“It will depend on severity of symptoms and details in the letter, we try to bring in the sickest people soonest, but even then we have finite resources depending on the number of referrals we’re receiving,” he said. 

The clinic at St Vincent’s was established after clinicians noted that patients presenting with prolonged symptoms were often being linked into several other departments including cardiology, neurology and physiotherapy. 

As part of the process for these patients, an initial assessment and physical examination is done and then a programme of treatment is catered to each person based on their symptoms. 

“Every individual is in some ways different, their presentations can be different. Some require more test and investigation than others,” Mallon said.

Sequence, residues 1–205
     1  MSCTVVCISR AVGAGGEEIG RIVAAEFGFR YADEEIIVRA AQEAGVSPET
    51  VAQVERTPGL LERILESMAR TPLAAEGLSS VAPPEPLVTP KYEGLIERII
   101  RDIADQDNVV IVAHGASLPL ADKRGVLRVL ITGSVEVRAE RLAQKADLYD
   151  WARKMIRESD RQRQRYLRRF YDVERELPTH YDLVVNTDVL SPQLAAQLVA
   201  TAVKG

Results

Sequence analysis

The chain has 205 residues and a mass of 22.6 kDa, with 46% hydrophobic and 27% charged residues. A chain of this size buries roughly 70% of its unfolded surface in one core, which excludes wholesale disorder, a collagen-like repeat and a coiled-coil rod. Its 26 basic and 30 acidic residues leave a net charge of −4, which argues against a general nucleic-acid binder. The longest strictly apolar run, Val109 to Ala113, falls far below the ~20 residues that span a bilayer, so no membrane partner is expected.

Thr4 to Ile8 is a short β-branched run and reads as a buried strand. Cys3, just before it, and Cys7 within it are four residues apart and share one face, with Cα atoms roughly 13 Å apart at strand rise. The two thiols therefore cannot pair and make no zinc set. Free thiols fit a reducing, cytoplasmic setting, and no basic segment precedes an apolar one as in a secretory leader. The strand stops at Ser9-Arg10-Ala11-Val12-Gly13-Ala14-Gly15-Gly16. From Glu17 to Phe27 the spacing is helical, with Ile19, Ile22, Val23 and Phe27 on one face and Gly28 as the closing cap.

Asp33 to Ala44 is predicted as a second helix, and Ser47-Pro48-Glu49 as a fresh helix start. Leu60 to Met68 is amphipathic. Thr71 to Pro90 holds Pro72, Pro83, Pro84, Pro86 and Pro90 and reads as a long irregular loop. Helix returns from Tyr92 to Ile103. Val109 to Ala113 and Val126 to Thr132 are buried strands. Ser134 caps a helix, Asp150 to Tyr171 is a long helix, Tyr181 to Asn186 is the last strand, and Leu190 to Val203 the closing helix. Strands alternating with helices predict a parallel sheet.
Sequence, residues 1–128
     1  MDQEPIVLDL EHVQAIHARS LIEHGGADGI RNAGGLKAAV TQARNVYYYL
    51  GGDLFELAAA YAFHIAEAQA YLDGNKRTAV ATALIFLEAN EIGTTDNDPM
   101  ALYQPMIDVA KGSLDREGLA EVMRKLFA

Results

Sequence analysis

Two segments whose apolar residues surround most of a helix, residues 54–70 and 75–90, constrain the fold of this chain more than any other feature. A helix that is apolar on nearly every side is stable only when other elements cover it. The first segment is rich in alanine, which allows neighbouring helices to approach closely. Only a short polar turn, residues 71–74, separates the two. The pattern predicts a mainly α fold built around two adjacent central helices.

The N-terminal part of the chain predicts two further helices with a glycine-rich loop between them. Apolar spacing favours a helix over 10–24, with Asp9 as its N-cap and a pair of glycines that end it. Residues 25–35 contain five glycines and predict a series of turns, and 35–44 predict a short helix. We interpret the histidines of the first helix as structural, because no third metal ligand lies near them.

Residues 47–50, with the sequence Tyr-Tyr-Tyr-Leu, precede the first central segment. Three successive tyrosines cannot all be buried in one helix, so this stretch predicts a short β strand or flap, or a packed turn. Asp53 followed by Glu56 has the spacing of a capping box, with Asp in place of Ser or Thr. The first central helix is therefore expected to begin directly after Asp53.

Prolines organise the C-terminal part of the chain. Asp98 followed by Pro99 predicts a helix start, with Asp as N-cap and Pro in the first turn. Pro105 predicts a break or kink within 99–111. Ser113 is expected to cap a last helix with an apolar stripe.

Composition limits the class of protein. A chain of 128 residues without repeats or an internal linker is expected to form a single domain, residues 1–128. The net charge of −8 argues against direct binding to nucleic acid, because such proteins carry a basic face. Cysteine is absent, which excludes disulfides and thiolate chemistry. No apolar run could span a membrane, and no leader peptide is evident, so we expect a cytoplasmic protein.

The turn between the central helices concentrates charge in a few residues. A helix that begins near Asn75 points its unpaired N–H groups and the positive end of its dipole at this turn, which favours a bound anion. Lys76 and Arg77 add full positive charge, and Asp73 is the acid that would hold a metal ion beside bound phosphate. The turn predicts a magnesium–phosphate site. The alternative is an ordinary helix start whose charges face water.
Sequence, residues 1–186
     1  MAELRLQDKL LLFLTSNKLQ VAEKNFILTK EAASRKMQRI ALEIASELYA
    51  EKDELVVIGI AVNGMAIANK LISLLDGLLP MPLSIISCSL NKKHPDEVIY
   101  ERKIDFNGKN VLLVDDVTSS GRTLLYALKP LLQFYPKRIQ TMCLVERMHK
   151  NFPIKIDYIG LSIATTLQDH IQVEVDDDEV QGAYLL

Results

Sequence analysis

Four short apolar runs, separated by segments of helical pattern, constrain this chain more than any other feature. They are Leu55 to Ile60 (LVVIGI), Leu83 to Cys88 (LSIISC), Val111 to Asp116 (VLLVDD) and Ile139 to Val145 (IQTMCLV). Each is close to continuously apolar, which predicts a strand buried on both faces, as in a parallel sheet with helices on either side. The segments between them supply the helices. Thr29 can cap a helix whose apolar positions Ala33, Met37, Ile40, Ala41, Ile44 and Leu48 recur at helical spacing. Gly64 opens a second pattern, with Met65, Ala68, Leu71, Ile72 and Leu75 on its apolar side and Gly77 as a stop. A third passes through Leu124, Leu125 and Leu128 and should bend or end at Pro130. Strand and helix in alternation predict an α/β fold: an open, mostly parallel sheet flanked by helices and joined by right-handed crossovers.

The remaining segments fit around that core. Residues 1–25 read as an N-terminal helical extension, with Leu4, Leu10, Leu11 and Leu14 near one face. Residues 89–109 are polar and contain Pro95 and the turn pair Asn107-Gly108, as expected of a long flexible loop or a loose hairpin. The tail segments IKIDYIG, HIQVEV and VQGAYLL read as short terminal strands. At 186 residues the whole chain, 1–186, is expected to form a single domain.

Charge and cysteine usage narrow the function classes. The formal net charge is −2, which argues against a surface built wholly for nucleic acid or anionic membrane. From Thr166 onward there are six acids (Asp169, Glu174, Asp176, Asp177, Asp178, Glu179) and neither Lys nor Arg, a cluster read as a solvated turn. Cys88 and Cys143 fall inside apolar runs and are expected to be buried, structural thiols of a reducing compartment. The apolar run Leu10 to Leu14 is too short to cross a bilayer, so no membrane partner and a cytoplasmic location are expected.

He said patients are assessed every two to three months and the vast majority show improvements each time they are assessed. 

“How long the recovery will be, or whether they’ll recover completely, we just don’t know, but it is encouraging to see those improvements. And people might not feel like they’re getting better because for them it’s slight improvements all the time, but we see it,” he said.

Wide ranging symptoms

The first dedicated Long Covid clinic in the country was established at the private Beacon Hospital, as clinicians there – like those at St Vincent’s – realised they were looking at “wide ranging and multiple system problems”, Professor Seamus Linnane, consultant in resporatory medicine told The Journal

“Covid affects pretty much most organs so there needed to be something to recognise this as a separate entity,” he said. He said there has been a strong demand at the clinic.